Monday, July 9, 2012
Canon Rebel T4i and EF 40mm f/2.8 STM Video: Monarch Menagerie
There is nothing better than a captive audience for my next Canon Rebel T4i/650D and EF 40mm f/2.8 STM pancake lens video. The beautiful Monarch butterflies located at the BioWorks Butterfly Garden at MOSI gave me great opportunity to review the macro capabilities of the "shorty forty".
A 1080p video shot with the Canon Rebel T4i/650D paired with the Canon EF 40mm f/2.8 STM pancake lens at 29.97fps. Edited with Final Cut Pro 6.0.6 and used a modified Canon E-1 Movie Plugin to transcode AppleProRes422. I also used the Canon EF 100mm f/2.8L IS lens for extreme macro closeups in the video. For support, I used the Benro 3580 tripod legs with a Manfrotto 701 HDV video head. For audio capture, I used a Senneheiser MKE400 shotgun microphone. To control incoming light to maintain the proper aperture, shutter and ISO, I used a FADER ND Mark II Variable ND filter.
The macro capability of the Canon EF 40mm f/2.8 STM pancake lens has a practical closeup range of 11.76 inches. Although, the "shorty forty" is not capable of capturing the 17,000 eyeballs of the Monarch butterfly, the 11.76 inch minimum focusing distance is good enough for me. The almost one foot gap between lens and subject prevents those unsightly shadows of oneself in the image as well as scaring off the tiny critters. Sometimes close is too close for a change...
Stay updated with more Canon Rebel T4i/650D with the EF 40mm f/2.8 STM pancake lens videos and photos by Becoming a Fan on my Facebook Fan Page and following me on Twitter!
Posted by Chad Soriano at 7/09/2012
Labels: 650D, canon, close up, EF 40mm f/2.8 STM, garden, hybrid AF, insects, lens, lepcurious, macro.butterfly, monarch, MOSI, pancake, Review, T4i, Test, Video
Subscribe to: Post Comments (Atom)
Looks great and I don't hear the focusing sound I heard in other review videos for the 40mm STM. Is your Sennheiser the secret sauce here? :)ReplyDelete
The Hybrid Servo AF during video capture is actually turned off in this video. Since the T4i's continuous focus during video recording was such a disappointment, I only used manual focus for my shots. The microphone in this case just recorded ambient sound.Delete
congratulation for your work!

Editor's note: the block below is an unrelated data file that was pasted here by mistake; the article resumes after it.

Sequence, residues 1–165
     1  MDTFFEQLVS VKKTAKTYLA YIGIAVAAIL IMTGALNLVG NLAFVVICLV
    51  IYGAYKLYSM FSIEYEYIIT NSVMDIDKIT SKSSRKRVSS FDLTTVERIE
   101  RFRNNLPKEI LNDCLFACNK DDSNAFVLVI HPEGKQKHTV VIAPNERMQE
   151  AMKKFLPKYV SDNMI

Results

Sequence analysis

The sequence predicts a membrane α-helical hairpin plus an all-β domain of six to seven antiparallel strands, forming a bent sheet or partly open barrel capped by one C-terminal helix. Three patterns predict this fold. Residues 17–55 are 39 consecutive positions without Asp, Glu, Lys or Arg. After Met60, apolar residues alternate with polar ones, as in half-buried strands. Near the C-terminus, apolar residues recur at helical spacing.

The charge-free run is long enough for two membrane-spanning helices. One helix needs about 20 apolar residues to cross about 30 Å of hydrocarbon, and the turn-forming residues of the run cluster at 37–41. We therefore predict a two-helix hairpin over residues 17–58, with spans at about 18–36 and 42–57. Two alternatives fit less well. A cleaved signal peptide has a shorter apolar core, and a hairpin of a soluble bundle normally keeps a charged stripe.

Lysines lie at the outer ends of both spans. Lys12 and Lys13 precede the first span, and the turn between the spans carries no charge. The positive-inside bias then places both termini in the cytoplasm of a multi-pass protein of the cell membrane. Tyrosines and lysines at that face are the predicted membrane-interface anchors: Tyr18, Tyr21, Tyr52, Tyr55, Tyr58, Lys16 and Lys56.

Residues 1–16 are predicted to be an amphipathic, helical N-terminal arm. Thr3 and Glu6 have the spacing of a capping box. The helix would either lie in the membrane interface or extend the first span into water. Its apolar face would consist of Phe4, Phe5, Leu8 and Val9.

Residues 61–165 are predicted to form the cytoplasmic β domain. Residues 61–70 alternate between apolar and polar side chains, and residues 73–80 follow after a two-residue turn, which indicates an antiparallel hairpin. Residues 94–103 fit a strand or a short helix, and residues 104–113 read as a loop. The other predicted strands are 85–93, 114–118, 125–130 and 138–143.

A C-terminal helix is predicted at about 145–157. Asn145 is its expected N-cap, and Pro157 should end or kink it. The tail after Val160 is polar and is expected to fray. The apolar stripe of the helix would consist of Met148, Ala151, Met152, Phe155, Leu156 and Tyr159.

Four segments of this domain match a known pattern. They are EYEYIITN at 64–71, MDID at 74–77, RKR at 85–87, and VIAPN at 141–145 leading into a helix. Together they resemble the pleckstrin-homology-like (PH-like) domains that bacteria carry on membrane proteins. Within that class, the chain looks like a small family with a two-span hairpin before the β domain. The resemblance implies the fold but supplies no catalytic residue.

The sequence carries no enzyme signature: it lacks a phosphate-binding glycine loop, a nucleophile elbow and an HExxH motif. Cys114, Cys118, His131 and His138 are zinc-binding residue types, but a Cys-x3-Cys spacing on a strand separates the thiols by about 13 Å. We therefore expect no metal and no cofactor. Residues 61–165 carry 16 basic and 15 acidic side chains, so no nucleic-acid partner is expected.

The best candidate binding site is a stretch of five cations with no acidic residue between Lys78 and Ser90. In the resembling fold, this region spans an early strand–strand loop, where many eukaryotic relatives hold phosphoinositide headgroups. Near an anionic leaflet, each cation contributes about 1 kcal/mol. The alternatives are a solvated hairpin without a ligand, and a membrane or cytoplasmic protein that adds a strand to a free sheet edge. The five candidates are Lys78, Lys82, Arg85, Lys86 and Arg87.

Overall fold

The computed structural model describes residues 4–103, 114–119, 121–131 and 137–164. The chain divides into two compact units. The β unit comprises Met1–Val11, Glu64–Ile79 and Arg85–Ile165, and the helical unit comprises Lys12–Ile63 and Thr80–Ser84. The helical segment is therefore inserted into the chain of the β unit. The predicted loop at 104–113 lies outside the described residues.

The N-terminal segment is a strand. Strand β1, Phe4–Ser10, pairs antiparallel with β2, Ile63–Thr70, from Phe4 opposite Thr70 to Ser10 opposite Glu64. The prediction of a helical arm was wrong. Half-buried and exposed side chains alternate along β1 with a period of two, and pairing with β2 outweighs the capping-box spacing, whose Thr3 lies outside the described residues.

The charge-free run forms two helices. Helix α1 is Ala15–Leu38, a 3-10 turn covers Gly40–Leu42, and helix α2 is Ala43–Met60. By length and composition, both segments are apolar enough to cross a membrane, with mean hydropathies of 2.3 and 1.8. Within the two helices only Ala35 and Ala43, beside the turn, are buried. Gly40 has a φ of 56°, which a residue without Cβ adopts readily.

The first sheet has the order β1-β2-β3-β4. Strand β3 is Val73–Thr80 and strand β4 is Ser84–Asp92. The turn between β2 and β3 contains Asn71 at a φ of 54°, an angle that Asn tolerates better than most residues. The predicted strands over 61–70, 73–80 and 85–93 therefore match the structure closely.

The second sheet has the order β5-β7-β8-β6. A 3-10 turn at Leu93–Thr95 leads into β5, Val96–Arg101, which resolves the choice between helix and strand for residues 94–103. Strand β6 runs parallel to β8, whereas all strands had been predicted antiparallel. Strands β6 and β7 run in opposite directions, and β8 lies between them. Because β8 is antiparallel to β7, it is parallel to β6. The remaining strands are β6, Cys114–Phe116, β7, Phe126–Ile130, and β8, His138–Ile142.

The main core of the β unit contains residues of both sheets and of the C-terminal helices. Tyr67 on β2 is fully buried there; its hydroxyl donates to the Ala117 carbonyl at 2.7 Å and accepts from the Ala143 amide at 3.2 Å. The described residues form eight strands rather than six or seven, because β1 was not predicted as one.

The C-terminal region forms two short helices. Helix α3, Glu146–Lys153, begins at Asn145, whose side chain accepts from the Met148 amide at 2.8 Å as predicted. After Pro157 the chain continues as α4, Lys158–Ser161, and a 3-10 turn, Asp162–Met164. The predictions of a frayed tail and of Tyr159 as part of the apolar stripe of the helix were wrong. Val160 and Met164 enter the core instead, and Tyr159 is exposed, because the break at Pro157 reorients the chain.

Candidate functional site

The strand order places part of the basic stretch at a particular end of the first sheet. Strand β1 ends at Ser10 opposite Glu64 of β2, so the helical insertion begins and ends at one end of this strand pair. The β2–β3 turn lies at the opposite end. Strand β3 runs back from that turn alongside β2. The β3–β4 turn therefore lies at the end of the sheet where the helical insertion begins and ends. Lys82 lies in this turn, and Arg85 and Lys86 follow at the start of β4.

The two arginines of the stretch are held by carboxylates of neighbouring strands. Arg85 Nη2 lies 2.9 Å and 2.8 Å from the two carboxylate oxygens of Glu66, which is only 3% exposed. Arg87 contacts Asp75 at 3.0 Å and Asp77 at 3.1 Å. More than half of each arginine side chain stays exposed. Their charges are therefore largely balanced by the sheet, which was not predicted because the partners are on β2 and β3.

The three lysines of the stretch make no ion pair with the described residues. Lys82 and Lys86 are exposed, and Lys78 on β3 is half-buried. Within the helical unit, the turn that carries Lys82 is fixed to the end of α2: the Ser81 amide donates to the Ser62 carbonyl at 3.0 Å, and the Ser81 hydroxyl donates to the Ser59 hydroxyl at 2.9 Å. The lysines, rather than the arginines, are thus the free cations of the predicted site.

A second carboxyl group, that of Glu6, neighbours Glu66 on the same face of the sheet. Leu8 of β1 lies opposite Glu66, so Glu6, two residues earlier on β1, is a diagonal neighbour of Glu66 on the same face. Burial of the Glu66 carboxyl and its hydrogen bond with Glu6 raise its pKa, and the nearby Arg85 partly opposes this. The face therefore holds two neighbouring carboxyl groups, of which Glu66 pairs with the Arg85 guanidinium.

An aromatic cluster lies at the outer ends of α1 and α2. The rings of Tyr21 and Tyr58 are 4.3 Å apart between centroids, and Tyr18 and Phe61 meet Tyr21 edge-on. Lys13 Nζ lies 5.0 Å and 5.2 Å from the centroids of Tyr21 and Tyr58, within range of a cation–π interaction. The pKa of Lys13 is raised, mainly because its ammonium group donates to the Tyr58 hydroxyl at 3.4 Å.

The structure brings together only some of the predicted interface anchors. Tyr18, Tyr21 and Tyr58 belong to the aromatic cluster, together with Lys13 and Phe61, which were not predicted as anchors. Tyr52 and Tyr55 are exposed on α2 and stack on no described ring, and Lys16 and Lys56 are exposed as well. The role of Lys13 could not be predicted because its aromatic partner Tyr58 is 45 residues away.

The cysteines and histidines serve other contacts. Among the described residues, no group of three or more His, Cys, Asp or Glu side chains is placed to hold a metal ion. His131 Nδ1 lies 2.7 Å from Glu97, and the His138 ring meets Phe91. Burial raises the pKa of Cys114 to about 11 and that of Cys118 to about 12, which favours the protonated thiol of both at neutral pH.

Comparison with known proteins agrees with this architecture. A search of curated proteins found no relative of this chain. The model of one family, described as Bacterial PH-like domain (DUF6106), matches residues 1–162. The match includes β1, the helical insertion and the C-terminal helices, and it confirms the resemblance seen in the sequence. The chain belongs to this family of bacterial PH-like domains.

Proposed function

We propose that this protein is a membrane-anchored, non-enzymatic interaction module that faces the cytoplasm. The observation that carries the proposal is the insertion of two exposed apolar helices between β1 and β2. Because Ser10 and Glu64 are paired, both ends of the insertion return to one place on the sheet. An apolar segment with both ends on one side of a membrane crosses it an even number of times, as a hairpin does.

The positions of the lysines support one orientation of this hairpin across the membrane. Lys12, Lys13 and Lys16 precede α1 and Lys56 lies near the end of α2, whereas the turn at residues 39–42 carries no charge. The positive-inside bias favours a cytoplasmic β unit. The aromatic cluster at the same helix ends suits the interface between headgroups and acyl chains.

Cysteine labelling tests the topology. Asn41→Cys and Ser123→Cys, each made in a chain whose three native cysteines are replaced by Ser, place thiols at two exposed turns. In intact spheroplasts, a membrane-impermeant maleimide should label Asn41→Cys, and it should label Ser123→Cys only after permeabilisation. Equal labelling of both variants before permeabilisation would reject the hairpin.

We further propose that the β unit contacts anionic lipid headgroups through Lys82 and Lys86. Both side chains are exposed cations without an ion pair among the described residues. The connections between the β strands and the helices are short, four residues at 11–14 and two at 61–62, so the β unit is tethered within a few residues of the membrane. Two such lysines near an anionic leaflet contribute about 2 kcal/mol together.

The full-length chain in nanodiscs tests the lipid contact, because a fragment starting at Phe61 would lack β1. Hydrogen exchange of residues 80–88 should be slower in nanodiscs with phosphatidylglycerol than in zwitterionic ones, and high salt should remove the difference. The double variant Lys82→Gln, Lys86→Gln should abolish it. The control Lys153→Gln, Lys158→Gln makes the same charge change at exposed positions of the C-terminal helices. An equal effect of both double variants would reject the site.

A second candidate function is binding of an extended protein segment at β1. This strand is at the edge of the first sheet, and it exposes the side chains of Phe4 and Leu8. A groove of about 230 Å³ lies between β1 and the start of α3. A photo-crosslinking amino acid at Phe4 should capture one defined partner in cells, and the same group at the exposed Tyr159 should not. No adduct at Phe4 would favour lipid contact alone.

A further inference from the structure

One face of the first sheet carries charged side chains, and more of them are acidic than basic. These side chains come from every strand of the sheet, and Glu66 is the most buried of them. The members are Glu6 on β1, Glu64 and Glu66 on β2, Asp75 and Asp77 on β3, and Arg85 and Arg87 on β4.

really amazing videos and useful informations.
I want to step up from my crummy old Sony camcorder and get a camera for videos and still without get bankrupt.. :-)
I need something for pro use since I'm a multimedia artist and I use videos in my concerts.
You seems the right person to get an advice from...
if you can kindly let me have a rough idea...
I was looking few days ago to the Nikon D3200 as well to the T4i...
Then I saw the new Black Magic Cinema compact with super 16 sensor..
Really difficult to decide...
So a suggestion from a Master is very welcome!
Thanks a lot!
Thanks for the compliments. The least expensive route for DSLR video is the Canon Rebel T3i with a good set of lenses. The T4i is a great upgrade for still photography but the video quality is the same. Depending on your video content, the T4i can record continuously for up to 29 minutes while the T3i can record only around 12 minutes. At that point for both cameras, you have to hit the record button again to continue. The money you save with the T3i, you can invest in better glass. The Nikon D3200 is nice but I am already invested in Canon glass, so that is not a viable option for me. Nikon glass is great but I am biased with Canon DSLR's. The new Black Magic Cinema compact announced at NAB 2013 looks great but I question the low light capability and large video files from the AppleProRes output of this new camera. I also question the availability of the new camera because of the previous demand issues of the last Black Magic product. If you are looking for something small, the Canon EOS M with the APS-C sensor is a good candidate for you. The Canon EOS M had a big price drop lately and the mirrorless camera has full manual audio and video control.
Depending on your total budget, I would get a Canon Rebel T3i with as much fast primes that you can afford. Primes such as the Rokinon 35mm f/1.4 lens. It is a great manual focus and aperture video lens with great color and sharpness.
Sincerely, chad soriano